The concept of luck is a topic of intense discussion in both psychology and philosophy. In the psychological arena, researchers have focused on how our beliefs about luck affect our behavior and decisions.
For example, studies have found that people who believe they are lucky wager more money when gambling. They also engage in upward counterfactual thinking, which minimizes regrets about their gambling behavior.
1. Beliefs About Luck
The concept of luck has been at the center of a number of psychology and philosophical studies. Philosophical discussions of luck have tended to focus on the putative existence of moral and epistemic luck, while psychological research on the topic has focused primarily on how individuals perceive and interpret their own lucky or unlucky experiences.
One example of how beliefs about luck affect gambling is confirmation bias, which causes people to notice and remember information that supports their existing beliefs while ignoring contradictory evidence. This can lead to the belief that actions such as blowing on dice or holding a lucky charm can influence the outcome of a game, even though these actions have no actual impact on random events.
Psychologists have also found that a person’s feelings of being lucky can lead to optimism and higher performance on tasks like motor dexterity, memory and anagrams. In fact, Maltby and colleagues have suggested that a link exists between luck beliefs and self-efficacy, confidence, control, positive goal-setting and achievement motivation.
The way you think about luck has a lot to do with your own optimism. Optimists are more likely to engage in goal-oriented behaviors, and they tend to believe that their efforts will pay off. They’re also more likely to see others as lucky than pessimists, and they’re generally more satisfied with their life overall.
Interestingly, research suggests that optimism is partly genetic—identical twins score more closely on happiness surveys than fraternal twins. However, there’s still debate over how much of it is environmental.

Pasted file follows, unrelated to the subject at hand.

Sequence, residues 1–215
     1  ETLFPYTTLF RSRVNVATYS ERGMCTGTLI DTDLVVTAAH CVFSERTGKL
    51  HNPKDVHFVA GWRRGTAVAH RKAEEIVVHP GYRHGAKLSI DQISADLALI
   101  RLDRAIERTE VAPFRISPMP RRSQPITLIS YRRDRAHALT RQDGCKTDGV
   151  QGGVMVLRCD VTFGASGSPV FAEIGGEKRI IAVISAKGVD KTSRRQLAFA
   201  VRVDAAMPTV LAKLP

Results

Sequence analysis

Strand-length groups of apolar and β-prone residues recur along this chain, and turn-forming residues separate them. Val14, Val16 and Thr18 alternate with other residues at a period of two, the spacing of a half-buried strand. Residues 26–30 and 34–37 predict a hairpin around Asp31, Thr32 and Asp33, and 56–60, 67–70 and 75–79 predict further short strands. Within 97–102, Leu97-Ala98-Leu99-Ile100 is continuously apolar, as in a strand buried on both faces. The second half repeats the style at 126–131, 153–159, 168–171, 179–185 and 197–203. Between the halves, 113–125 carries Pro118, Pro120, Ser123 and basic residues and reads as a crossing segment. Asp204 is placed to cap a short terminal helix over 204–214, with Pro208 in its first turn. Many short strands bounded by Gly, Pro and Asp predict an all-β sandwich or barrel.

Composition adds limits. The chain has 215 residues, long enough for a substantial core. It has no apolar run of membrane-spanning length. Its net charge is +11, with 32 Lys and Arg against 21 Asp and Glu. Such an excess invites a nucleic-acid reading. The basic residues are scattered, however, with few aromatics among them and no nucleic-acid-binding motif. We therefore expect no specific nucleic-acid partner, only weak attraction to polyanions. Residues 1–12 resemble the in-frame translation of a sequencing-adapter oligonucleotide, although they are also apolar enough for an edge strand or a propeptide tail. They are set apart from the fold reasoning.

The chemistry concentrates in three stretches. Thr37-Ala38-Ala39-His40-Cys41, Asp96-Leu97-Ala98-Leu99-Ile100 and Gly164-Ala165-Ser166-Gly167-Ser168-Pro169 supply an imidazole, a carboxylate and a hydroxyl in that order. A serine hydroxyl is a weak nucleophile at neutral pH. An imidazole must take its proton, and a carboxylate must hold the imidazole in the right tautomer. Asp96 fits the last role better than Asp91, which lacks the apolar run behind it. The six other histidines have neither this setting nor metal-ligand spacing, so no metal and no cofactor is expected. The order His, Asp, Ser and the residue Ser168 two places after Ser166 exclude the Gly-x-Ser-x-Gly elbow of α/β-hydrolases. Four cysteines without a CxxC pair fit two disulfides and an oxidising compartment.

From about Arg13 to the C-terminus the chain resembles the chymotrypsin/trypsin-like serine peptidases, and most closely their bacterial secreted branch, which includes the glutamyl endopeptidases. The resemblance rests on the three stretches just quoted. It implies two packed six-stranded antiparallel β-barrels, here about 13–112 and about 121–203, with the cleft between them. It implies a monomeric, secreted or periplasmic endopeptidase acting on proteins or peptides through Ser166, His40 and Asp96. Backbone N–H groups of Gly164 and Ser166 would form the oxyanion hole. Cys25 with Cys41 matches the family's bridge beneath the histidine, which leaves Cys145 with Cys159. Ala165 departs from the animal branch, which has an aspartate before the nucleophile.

One study found that recurring players of games of chance and gambling were more optimistic than pessimistic, and they estimated a higher chance of highly unlikely desirable events. They anchored their optimism in religious beliefs and attitudes, and extrinsic desired events (like winning the lottery) were more predicted by religiosity than intrinsic ones.
The foundation of self-determination theory recognizes that learners and players are oriented towards growth. They are motivated internally through intrinsic motivation and externally through extrinsic motivation. They also have internal decisions that they make, and these decisions have different impacts on their outcomes. For example, if someone believes they have good luck, it will affect their cognitive reflection tasks and performance. However, if they believe they are unlucky, they will be more likely to experience anxiety and have less confidence in these tasks (Steele & Aronson, 1995).
Richard Wiseman’s study on lucky people found that people who believed they were lucky did better in logical and numeric thinking tasks. This is because they tended to have a stronger self-efficacy belief in their abilities. In this way, they were able to bounce back from their failures and refocus. In contrast, those who did not believe they had good luck were more prone to negative stereotypes and anxiety.
If you’re struggling with gambling addiction, there is help available.
People gamble for a variety of reasons, including the adrenaline rush of winning money, socialising with friends or escaping from stress and anxiety. For some, however, the habit of gambling can become harmful and result in a loss of control. Problem gamblers often experience a sense of shame and guilt when they admit to having a problem and may feel pressure from family members to keep quiet about their problems.
Psychological researchers have found that a person’s luck can be influenced by their state of mind. Using cognitive therapy, you can challenge irrational thinking habits such as the illusion of control and superstitious beliefs that lead to compulsive gambling. Identifying triggers and learning coping techniques can help you manage your urges, such as postponing gambling and distracting yourself with a hobby. Alternatively, seeking help from a professional therapist or attending support groups can also be helpful.